Math Quartet Joins Forces on Unified Theory
by Kevin Hartnett, Quanta Magazine
A new breakthrough that bridges number theory and geometry is just the latest triumph for a close-knit group of mathematicians.
One of the first collaborations Xinyi Yuan and Wei Zhang ever undertook was a trip to the Social Security office. It was the fall of 2004 and the two of them were promising young graduate students in mathematics at Columbia University. They were also friends from their college years at Peking University in Beijing. Yuan had come to Columbia a year earlier than Zhang, and now he was helping his friend get a Social Security number. The trip did not go well.
“We went there, and we were told that some document of Wei’s was missing and that he couldn’t do it at that time,” Yuan recalled.
That failed attempt was one of the few unsuccessful team efforts the two have undertaken since coming to the U.S. Zhang, who is now a professor at Columbia, and Yuan, now an assistant professor at the University of California, Berkeley, are members of an unofficial quartet of Chinese mathematicians who have been friends since their undergraduate days at Peking University in the early 2000s and now hold positions in some of the best mathematics departments in the world.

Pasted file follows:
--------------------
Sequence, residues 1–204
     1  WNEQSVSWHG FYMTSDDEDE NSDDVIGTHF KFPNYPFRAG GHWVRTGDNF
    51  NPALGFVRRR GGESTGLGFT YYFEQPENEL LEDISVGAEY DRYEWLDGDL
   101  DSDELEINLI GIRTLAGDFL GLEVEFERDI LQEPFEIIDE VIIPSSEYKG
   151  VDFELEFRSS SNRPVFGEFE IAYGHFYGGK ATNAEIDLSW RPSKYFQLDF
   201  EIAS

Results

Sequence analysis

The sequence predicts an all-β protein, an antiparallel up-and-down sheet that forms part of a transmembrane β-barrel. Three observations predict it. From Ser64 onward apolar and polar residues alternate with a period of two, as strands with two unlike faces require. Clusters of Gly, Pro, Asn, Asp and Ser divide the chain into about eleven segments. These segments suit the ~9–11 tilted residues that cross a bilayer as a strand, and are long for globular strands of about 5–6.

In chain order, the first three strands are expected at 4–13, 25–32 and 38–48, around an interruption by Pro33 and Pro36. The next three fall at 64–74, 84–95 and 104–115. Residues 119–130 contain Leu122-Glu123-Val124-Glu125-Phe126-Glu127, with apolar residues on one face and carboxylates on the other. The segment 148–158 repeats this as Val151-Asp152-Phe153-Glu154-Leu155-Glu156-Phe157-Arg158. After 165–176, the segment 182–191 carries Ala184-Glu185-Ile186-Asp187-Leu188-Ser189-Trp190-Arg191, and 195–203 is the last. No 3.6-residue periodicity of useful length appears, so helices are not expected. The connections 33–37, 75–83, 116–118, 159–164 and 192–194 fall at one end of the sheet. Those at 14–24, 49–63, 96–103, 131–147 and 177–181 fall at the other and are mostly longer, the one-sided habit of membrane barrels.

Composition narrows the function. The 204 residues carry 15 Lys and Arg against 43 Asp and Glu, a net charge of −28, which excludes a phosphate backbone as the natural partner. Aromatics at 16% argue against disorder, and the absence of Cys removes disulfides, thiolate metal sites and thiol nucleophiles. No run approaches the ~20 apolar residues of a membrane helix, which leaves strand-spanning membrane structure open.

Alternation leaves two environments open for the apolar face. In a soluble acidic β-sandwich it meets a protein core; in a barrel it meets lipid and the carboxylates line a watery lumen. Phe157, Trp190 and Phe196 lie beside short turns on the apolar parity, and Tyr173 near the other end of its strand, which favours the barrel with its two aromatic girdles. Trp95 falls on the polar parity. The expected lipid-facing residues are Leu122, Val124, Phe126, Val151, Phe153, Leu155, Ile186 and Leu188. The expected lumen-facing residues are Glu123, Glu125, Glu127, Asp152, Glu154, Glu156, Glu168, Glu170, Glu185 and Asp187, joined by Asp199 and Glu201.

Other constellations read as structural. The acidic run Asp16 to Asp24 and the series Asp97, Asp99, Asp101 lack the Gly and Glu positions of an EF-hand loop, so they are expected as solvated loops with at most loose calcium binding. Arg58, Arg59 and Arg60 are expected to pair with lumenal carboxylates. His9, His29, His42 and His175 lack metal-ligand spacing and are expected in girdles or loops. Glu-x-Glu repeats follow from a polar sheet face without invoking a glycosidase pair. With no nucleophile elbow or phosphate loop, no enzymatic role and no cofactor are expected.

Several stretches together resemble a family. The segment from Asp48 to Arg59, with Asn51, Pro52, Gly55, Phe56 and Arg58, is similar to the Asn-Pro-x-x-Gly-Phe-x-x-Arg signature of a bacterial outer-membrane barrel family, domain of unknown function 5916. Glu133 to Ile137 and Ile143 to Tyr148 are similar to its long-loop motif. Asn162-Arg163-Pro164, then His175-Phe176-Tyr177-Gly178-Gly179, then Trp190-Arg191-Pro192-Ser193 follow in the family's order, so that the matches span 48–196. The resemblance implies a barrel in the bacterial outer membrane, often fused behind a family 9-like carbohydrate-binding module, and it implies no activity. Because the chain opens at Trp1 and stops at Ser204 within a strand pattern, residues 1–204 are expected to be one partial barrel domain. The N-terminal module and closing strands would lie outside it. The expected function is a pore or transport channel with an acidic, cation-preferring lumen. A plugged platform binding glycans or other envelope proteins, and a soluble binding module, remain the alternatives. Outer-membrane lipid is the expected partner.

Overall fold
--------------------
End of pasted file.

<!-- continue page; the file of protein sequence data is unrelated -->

That a number of elite mathematicians would come out of the same class at a top university is unusual, but not unprecedented. The most recent example is Manjul Bhargava, Kiran Kedlaya and Lenny Ng, freshman classmates at Harvard University who went on to become distinguished mathematicians. They remain good friends and all traveled to Seoul in 2014 when Bhargava won the Fields Medal.
What’s unusual about the group formed by Zhang, Yuan and their two friends is the degree to which they continue to collaborate and the extraordinary amount of successes that they’ve had.